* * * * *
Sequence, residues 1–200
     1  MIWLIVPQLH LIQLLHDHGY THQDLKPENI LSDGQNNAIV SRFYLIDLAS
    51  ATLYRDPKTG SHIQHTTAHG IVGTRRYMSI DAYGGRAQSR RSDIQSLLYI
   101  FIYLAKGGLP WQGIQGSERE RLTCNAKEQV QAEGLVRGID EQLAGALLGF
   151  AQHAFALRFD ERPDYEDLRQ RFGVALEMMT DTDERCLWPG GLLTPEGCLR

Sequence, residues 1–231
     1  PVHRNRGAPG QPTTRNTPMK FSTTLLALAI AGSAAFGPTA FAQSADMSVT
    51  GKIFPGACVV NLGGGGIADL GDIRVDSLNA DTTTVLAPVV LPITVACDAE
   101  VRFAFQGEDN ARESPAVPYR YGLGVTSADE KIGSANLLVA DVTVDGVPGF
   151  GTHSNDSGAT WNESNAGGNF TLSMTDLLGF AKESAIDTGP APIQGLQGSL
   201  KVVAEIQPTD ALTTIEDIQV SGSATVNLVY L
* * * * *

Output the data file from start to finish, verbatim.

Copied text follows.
Sequence, residues 1–200
     1  MIWLIVPQLH LIQLLHDHGY THQDLKPENI LSDGQNNAIV SRFYLIDLAS
    51  ATLYRDPKTG SHIQHTTAHG IVGTRRYMSI DAYGGRAQSR RSDIQSLLYI
   101  FIYLAKGGLP WQGIQGSERE RLTCNAKEQV QAEGLVRGID EQLAGALLGF
   151  AQHAFALRFD ERPDYEDLRQ RFGVALEMMT DTDERCLWPG GLLTPEGCLR

Sequence, residues 1–231
     1  PVHRNRGAPG QPTTRNTPMK FSTTLLALAI AGSAAFGPTA FAQSADMSVT
    51  GKIFPGACVV NLGGGGIADL GDIRVDSLNA DTTTVLAPVV LPITVACDAE
   101  VRFAFQGEDN ARESPAVPYR YGLGVTSADE KIGSANLLVA DVTVDGVPGF
   151  GTHSNDSGAT WNESNAGGNF TLSMTDLLGF AKESAIDTGP APIQGLQGSL
   201  KVVAEIQPTD ALTTIEDIQV SGSATVNLVY L